6 September, 2013
In 1904, Georgii Gapon, an Orthodox priest, recruited members into his ‘Assembly of Russian Factory Workers’ (Freeze 250). Although the police funded and infiltrated the organization to diminish anti-autocratic sentiment, the organization exposed members to Western ideology. “When in December 1904, some workers at the giant Putilov factory, members of Gapon’s Assembly, were dismissed, with little justification, in what appeared to be an effort to reduce the Assembly’s influence, the organization could not maintain its credibility unless it rose to the defense of the injured parties” (Freeze 251). Facing injustices, Gapon brought the workers under a united vision, inspiring a strike in January 1905. A mass march was organized against the Winter Palace, the home of Nicholas II. The petition of the organizers included demand for higher wages, shorter hours, and “free elections based on direct, universal manhood suffrage” (Freeze 251). Instead of receiving the petition, Nicholas II called for military action against the crowd consisting of men, women and children. January 9, 1905 became known as ‘Bloody Sunday‘ and was the turning point of the public against the tsar.
Despite marching over one hundred people to their deaths, Gapon gained popularity across the world. The press became interested in the man who inspired the strike and the type of change he envisioned. The New York Times published an article on Gapon on 18 Feb 1906. The article provides background on the man who inspired action in Russia. Gapon “turned his organized strikers into revolutionists and determined to make the Czr, by force if necessary, listen to the complaints of the strikers” (New York Times). The New York Times article also suggests the Ministry had promised the striker’s petition would be received without violence or resistance. The article also mentions the surprise of the police when the military took action against the crowds.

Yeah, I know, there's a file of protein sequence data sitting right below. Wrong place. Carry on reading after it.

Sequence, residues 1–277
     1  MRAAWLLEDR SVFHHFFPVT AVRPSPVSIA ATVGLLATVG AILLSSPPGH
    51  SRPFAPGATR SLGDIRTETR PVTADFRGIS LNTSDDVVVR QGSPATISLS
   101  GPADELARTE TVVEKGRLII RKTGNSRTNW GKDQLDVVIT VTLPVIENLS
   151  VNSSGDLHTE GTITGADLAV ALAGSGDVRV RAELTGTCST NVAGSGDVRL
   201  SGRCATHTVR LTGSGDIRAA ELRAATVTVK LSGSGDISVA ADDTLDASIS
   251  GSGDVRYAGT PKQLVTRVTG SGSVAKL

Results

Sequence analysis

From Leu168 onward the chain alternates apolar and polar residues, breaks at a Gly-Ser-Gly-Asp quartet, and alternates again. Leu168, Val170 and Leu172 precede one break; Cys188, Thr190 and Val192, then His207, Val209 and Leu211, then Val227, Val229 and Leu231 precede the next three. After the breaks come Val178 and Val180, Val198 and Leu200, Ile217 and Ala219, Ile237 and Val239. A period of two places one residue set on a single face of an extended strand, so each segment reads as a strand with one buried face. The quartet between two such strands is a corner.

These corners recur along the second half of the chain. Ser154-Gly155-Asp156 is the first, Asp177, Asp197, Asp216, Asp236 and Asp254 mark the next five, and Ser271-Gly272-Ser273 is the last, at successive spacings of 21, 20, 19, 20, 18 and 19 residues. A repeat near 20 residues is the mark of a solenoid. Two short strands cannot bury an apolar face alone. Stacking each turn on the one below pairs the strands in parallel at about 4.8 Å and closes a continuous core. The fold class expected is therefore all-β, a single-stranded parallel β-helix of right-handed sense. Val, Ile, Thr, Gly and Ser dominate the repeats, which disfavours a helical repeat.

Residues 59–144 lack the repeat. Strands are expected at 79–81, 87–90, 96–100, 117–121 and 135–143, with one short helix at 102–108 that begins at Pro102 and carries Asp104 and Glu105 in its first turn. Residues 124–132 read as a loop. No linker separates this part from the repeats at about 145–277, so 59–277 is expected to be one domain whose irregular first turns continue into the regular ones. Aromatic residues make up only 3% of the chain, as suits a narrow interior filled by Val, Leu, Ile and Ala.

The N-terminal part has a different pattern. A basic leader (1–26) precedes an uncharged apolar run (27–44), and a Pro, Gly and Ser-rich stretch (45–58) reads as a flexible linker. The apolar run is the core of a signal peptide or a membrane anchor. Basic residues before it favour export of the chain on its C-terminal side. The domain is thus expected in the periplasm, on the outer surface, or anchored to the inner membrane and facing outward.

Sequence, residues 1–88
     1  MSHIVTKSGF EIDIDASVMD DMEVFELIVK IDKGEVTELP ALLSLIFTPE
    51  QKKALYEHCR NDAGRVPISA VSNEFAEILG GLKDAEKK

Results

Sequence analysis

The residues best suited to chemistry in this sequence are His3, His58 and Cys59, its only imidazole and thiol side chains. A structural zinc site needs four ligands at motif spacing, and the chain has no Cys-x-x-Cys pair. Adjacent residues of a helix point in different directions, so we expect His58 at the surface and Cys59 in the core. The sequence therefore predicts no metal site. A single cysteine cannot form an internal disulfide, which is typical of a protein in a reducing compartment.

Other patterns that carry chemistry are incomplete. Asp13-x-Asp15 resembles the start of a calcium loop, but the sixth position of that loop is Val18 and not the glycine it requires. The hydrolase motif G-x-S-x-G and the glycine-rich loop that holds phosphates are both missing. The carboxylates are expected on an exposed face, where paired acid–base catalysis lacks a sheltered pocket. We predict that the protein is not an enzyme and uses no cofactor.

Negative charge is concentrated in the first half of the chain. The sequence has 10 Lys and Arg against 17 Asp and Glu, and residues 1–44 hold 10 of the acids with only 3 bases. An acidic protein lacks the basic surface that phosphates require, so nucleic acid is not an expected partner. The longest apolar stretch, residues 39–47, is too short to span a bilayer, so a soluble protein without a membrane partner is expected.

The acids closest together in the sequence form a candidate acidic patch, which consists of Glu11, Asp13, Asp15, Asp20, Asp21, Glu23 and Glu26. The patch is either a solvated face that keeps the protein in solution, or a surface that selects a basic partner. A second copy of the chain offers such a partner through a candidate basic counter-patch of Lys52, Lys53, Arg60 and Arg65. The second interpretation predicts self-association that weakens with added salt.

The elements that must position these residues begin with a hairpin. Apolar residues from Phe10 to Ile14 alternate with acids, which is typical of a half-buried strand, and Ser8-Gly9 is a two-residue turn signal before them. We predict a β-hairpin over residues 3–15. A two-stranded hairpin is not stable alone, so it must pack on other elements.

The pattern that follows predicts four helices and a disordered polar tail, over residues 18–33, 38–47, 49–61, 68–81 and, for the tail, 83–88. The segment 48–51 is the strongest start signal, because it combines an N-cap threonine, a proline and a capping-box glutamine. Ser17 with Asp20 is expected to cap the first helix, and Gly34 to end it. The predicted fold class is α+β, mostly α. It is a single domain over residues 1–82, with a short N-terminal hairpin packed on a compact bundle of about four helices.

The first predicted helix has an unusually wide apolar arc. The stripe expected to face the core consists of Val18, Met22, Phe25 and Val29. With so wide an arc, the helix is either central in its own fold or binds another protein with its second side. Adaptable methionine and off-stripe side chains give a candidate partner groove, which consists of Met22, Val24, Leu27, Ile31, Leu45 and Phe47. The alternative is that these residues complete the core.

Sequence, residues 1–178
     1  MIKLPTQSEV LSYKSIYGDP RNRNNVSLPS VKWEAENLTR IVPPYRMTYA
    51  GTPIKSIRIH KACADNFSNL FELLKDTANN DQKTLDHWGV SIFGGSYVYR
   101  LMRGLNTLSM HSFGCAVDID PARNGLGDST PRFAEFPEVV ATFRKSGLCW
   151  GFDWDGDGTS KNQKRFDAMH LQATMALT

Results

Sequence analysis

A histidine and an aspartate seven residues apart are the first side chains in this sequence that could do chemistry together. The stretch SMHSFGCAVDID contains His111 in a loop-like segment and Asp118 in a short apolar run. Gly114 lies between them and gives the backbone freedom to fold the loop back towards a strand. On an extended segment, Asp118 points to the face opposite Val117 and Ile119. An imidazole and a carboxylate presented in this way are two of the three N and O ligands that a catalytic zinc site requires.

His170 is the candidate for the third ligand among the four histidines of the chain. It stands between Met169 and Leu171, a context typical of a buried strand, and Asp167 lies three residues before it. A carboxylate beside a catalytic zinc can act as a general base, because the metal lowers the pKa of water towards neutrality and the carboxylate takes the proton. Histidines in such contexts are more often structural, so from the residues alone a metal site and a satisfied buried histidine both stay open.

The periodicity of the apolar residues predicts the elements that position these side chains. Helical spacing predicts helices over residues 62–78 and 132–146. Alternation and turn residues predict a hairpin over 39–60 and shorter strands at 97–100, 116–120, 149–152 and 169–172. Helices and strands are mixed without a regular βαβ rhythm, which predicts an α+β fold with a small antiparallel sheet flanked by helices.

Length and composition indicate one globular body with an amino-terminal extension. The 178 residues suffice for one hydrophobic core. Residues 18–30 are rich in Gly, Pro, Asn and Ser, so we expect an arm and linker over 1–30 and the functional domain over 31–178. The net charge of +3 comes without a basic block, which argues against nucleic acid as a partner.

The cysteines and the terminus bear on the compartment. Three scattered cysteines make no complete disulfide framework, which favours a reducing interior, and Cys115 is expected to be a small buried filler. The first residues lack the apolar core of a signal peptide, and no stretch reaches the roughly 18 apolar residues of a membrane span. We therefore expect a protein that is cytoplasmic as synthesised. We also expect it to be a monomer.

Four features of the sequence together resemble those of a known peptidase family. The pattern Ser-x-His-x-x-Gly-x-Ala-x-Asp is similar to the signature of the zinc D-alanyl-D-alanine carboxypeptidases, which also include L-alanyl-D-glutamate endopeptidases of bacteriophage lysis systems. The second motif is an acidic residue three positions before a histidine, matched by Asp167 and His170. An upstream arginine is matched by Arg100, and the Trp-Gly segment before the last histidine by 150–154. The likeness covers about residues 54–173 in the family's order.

Although Father Gapon escaped harm, the whereabouts of Father Gapon became surrounded by mystery. What happened to Gapon? Conspiracy invaded the press in regard to Gapon. On May 14, 1906, the New York Times ran a story titled ‘MAY BE GAPON’S BODY.: Corpse Hanging from a Nail Found in a Villa in Finland.’ The story address the finding of a corpse whose “features resembled those of Gapon, and the clothing corresponded with that worn by the missing labor leader.” The media jumped on the controversial leader, expecting the Russian government to take action against the organizer.
The truth, saturated with conspiracy theories, may never be fully known; however, the change Gapon inspired allowed the Revolution of 1905 take place. ‘Bloody Sunday’ caused the country to turn on Nicholas II, although the petitioned topics were not successfully executed following the Revolution of 1905. Change, as typically seen in history, was not immediate.
Image Citation: “Gapon, the Hero of “Bloody Sunday”.” New York Times (1857-1922), Feb 18, 1906. http://ezproxy.lib.vt.edu:8080/login?url=http://search.proquest.com/docview/96601455?accountid=14826.
“Gapon, the Hero of “Bloody Sunday”.” New York Times (1857-1922), Feb 18, 1906. http://ezproxy.lib.vt.edu:8080/login?url=http://search.proquest.com/docview/96601455?accountid=14826.
“MAY BE GAPON’S BODY.” New York Times (1857-1922), May 14, 1906. http://ezproxy.lib.vt.edu:8080/login?url=http://search.proquest.com/docview/96642990?accountid=14826.
Gregory L. Freeze, Russia: A History (New York: Oxford University Press, 2009), 250-252.